Overall, I am glad that I played Dark Souls even if it was not the most enjoyable experience. Seeing where things began (Demon Souls notwithstanding) gives you a greater appreciation for where things have gone in the meantime. Plus, it is an extremely boldly-designed game that took risks to stay true to the designers’ intentions, and I respect the moxie.
I do already own Dark Souls 2, but I think I’m going to take a break from the tension and play other things for a while. Perhaps something in which I don’t have to worry about instantly dying all the time.
[Dark Souls] Day 4ish
I rang the first bell.
The lesson learned with Dark Souls isn’t that the game is unfair, it is just amoral. It doesn’t care.
You fight one boss when heading to the bell, and then another one shows up halfway through the fight. During one attempt, the bosses flew through the air, landed on opposite sides of me, and both breathed fire in a cone attack – I was stunlocked into a fiery death. I just had to laugh. If this were a “proper” game, I would say that the boss design was terrible or punishingly difficult. And it is punishingly difficult. But on my next attempt, I somehow managed to get inbetween the legs of the first boss when the 2nd was summoned, and I… just kept wailing on him. Not sure if the boss was stunlocked by me or if it was some combination of the slope and/or me riding its crotch, but it just died without dealing any damage. Dispatching the 2nd boss was easy after that.
Way earlier in the level, there’s an intimidating armored boar. I don’t know its moveset because once I realized it would chase me down some stairs but not into the corridor at the bottom of the stairs, I just aggroed it, then stabbed it in the porkchops when it turned around. At no point was I in danger of taking damage.
In any other game, that would be an “exploit.” In Dark Souls, it’s just business.
The main complaint I have with Dark Souls though are the Bonfires. Not having one immediately before boss fights is whatever. Having Bonfires for the zone be behind fake walls is another thing altogether. Up to this point, Dark Souls has done a good job at organically teaching you mechanics. The hidden Bonfire in Darkroot Gardens though is just dumb. I could understand perhaps if the Bonfire was visible from the other side, e.g. you see it when returning from that area, but nope.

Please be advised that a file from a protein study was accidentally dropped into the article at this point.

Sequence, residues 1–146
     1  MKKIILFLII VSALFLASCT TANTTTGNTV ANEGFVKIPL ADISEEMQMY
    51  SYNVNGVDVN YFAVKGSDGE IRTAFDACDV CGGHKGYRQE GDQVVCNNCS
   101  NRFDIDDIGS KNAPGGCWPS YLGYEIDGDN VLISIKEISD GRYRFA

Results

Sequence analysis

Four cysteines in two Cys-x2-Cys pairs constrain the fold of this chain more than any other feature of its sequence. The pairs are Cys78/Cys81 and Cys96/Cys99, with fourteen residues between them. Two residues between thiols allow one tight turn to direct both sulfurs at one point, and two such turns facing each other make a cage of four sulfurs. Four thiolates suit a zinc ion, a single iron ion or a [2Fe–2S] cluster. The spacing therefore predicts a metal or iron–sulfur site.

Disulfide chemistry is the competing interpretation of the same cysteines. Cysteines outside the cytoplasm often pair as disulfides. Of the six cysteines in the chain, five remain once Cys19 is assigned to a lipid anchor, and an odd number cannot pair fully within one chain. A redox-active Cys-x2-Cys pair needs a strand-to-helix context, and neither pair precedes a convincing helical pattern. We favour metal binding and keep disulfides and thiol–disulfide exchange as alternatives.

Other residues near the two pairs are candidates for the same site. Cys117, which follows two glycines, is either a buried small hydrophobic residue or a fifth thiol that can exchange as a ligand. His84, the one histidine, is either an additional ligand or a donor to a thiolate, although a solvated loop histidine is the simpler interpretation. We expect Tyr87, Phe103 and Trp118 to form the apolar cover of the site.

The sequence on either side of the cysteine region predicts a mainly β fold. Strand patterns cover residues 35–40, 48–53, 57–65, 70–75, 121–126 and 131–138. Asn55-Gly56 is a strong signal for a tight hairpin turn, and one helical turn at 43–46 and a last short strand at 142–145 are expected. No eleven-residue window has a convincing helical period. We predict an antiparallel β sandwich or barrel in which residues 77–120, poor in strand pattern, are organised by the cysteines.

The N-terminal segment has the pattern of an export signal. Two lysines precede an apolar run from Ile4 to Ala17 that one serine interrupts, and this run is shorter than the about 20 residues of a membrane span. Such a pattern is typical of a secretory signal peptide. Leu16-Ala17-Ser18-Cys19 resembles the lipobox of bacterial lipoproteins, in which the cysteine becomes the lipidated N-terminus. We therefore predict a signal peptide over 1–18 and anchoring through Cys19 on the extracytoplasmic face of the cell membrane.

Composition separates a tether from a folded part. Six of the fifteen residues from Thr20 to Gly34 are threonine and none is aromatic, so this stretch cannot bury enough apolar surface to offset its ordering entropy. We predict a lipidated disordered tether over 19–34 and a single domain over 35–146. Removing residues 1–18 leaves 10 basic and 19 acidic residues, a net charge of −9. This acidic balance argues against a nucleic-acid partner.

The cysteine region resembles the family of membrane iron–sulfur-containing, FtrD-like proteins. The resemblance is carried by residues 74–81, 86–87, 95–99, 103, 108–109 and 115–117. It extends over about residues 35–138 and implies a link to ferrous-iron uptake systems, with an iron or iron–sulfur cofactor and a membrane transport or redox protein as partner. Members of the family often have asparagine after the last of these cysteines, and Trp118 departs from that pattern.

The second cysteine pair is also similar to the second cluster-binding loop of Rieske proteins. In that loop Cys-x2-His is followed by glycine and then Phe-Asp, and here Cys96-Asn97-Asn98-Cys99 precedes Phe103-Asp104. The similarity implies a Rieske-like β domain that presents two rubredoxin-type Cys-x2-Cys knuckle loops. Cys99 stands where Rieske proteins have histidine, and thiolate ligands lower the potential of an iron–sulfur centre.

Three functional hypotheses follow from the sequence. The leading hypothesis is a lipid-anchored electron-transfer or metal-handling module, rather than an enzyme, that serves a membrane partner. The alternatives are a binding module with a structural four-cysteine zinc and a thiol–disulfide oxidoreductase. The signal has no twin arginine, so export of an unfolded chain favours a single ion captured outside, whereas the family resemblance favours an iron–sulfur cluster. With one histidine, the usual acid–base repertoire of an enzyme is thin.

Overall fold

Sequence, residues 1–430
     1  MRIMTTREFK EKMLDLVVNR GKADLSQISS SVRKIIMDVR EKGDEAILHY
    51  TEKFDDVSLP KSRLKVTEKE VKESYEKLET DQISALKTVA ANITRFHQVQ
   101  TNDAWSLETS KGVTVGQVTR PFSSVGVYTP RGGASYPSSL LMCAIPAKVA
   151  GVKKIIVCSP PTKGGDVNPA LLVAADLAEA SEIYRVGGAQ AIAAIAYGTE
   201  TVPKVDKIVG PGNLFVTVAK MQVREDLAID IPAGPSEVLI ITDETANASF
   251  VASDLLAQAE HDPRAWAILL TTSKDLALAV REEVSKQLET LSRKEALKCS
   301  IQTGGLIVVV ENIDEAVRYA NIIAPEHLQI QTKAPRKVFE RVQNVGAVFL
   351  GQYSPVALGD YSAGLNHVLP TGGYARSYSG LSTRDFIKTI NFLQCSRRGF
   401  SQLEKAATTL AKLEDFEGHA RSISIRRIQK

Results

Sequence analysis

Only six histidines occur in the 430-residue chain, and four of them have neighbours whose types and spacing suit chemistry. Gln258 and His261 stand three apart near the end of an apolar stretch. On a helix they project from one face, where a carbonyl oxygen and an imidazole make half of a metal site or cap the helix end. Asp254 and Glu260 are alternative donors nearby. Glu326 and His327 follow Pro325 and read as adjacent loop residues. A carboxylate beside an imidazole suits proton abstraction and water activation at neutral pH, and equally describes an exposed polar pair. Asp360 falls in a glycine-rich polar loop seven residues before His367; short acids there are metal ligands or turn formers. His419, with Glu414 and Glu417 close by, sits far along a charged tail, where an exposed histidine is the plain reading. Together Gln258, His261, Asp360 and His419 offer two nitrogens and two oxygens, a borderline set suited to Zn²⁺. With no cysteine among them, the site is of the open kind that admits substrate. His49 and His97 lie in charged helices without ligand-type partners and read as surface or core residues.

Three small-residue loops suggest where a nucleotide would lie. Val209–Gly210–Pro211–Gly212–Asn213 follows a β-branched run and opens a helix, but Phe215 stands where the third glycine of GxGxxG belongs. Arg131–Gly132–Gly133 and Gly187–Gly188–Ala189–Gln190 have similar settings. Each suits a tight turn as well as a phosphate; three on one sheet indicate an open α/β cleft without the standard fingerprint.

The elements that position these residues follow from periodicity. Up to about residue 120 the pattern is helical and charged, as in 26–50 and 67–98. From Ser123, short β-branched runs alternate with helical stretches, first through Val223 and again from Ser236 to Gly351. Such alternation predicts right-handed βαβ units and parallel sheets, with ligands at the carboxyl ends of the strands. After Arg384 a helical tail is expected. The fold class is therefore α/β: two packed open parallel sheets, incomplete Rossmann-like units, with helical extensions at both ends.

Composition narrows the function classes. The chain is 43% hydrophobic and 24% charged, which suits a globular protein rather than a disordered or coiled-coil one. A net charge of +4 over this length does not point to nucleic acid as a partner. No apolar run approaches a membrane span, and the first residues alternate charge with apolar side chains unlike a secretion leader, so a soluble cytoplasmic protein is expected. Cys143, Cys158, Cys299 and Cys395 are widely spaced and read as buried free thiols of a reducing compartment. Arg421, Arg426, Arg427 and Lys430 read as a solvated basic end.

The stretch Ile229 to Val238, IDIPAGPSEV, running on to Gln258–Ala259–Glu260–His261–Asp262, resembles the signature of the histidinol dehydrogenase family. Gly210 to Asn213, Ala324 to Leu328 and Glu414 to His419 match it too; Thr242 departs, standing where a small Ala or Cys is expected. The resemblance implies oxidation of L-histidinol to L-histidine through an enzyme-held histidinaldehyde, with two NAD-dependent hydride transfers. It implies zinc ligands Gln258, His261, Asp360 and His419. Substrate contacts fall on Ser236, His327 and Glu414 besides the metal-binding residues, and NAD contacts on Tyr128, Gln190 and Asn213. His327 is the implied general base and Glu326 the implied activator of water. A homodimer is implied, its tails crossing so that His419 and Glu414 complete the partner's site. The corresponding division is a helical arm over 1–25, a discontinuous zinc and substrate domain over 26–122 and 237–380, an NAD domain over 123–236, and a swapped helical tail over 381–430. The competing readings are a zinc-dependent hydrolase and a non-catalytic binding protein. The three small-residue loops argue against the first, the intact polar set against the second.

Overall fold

These days, I no longer have hang-ups surrounding looking shit up. Specifically, Bonfire locations, especially whenever I’m deep in a new zone and/or after killing a boss. Going in blind is kind of a big portion of the “fun” of these games, but… nah. Dying with the equivalent of two levels in my backpack and having to traverse an entire zone of mobs that can kill you real quick if you’re not meticulous is not my idea of fun. If progress was not lost, or perhaps if I had barely any souls at the time, I would be considerably more caviler.
Looking up anything is a slippery slope though, and I have slid further down than intended a few times already. Sometimes though, it’s difficult to feel too guilty. Basilisks, for example. I fell down a trapdoor in the Depths that puts you in the middle of like three of them, and I managed to take them out. If I hadn’t known about the Curse though, then I might have stayed in the fog too long and died an ignoble death while continuing to pay for it in the respawn.
Nevertheless, I am still having fun. So on it goes.